After the defeat of the Nazis in the European theatre of World War II and the collapse of Nazi Germany and the Protectorate of Bohemia and Moravia, the Korbel family returned to Prague. Korbel was appointed as press attaché at Czechoslovakian Embassy in Yugoslavia, and the family moved to Belgrade—then part of Yugoslavia—which was governed by the Communist Party. Korbel was concerned his daughter would be exposed to Marxism in a Yugoslav school, and so she was taught privately by a governess before being sent to the Prealpina Institut pour Jeunes Filles finishing school in Chexbres, on Lake Geneva in Switzerland. She learned to speak French while in Switzerland and changed her name from Marie Jana to Madeleine.
The Communist Party of Czechoslovakia took over the government in 1948, with support from the Soviet Union. As an opponent of communism, Korbel was forced to resign from his position. He later obtained a position on a United Nations delegation to Kashmir. He sent his family to the United States, by way of London, to wait for him when he arrived to deliver his report to the UN Headquarters, then located in Lake Success, New York.
Madeleine Albright in her youth en.24smi.org
Madeleine Korbel spent her teen years in Denver and in 1955 graduated from the Kent Denver School in Cherry Hills Village, a suburb of Denver. She founded the school’s international relations club and was its first president. She attended Wellesley College, in Wellesley, Massachusetts, on a full scholarship, majoring in political science, and graduated in 1959. The topic of her senior thesis was Zden?k Fierlinger, a former Czechoslovakian prime minister. She became a naturalized U.S. citizen in 1957, and joined the College Democrats of America.
Madeleine Albright with her husband
While home in Denver from Wellesley, Korbel worked as an intern for The Denver Post. There she met Joseph Albright. He was the nephew of Alicia Patterson, owner of Newsday and wife of philanthropist Harry Frank Guggenheim. Korbel converted to the Episcopal Church at the time of her marriage. The couple were married in Wellesley in 1959, shortly after her graduation. They lived in Rolla, Missouri, while Joseph completed his military service at nearby Fort Leonard Wood. During this time, Albright worked at The Rolla Daily News.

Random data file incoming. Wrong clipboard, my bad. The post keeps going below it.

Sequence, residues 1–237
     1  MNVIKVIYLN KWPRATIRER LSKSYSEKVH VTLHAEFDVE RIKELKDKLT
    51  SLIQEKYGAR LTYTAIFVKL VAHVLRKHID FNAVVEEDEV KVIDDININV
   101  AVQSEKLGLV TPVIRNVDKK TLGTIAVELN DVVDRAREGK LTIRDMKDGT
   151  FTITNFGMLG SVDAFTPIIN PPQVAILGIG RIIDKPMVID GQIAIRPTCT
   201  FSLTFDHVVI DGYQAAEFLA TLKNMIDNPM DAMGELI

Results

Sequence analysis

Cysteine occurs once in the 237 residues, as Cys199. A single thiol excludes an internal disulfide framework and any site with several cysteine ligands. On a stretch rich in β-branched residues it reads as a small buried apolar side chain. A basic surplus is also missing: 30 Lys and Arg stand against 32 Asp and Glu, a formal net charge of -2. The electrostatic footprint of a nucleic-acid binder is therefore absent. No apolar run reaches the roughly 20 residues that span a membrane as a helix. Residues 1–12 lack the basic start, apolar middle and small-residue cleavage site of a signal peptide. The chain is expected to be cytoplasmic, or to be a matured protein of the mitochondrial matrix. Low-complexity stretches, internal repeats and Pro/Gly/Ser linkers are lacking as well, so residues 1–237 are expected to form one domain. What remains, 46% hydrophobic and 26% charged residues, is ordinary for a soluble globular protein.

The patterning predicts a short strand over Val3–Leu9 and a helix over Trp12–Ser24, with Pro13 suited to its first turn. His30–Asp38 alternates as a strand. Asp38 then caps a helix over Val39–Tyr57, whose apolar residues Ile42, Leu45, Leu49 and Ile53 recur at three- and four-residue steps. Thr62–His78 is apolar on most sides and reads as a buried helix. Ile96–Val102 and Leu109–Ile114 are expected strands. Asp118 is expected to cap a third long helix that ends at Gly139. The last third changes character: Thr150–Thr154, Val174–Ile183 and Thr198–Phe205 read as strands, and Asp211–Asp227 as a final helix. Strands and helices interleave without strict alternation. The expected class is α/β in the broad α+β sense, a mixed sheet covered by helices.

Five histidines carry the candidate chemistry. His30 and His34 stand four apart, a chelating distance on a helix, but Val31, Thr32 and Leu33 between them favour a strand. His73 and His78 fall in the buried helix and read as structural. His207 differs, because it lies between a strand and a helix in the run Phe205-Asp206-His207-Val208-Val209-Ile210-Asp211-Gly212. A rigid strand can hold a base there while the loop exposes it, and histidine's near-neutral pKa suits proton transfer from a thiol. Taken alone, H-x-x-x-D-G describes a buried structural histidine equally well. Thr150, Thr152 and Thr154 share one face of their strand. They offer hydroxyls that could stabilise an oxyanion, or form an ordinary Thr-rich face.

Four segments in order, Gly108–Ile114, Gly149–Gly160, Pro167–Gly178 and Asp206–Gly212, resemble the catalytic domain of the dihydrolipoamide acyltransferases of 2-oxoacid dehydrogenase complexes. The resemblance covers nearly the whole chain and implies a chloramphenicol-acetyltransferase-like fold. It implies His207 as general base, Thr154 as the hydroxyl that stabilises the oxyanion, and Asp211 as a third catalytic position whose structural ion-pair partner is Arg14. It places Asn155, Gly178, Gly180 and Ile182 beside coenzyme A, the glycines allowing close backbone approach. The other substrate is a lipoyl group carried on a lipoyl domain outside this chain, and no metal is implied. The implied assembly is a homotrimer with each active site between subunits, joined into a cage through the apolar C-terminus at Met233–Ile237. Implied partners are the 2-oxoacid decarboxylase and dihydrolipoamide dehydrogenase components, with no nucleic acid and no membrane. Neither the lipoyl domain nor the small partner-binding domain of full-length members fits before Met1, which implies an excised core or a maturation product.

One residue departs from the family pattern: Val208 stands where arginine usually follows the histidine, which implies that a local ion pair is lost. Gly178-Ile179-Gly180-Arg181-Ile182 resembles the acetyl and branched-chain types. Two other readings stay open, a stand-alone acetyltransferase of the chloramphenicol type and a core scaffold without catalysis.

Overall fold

The couple moved to Joseph’s hometown of Chicago, Illinois, in January 1960. Joseph worked at the Chicago Sun-Times as a journalist, and Albright worked as a picture editor for Encyclopædia Britannica. The following year, Joseph Albright began work at Newsday in New York City, and the couple moved to Garden City on Long Island.
Madeleine Albright with her children
That year, she gave birth to twin daughters, Alice Patterson Albright and Anne Korbel Albright. The twins were born six weeks premature and required a long hospital stay. As a distraction, Albright began Russian language classes at Hofstra University in the Village of Hempstead nearby.
In 1962, the family moved to Washington, D.C., where they lived in Georgetown. Albright studied international relations and continued in Russian at the Paul H. Nitze School of Advanced International Studies, a division of Johns Hopkins University in the capital.
Joseph’s aunt Alicia Patterson died in 1963 and the Albrights returned to Long Island with the notion of Joseph taking over the family newspaper business. Albright gave birth to another daughter, Katharine Medill Albright, in 1967. She continued her studies at Columbia University’s Department of Public Law and Government. (It was later renamed as the political science department, and is located within the School of International and Public Affairs.) She earned a certificate in Russian, an M.A. and a PhD, writing her master’s thesis on the Soviet diplomatic corps and her doctoral dissertation on the role of journalists in the Prague Spring of 1968. She also took a graduate course given by Zbigniew Brzezinski, who later became her boss at the U.S. National Security Council.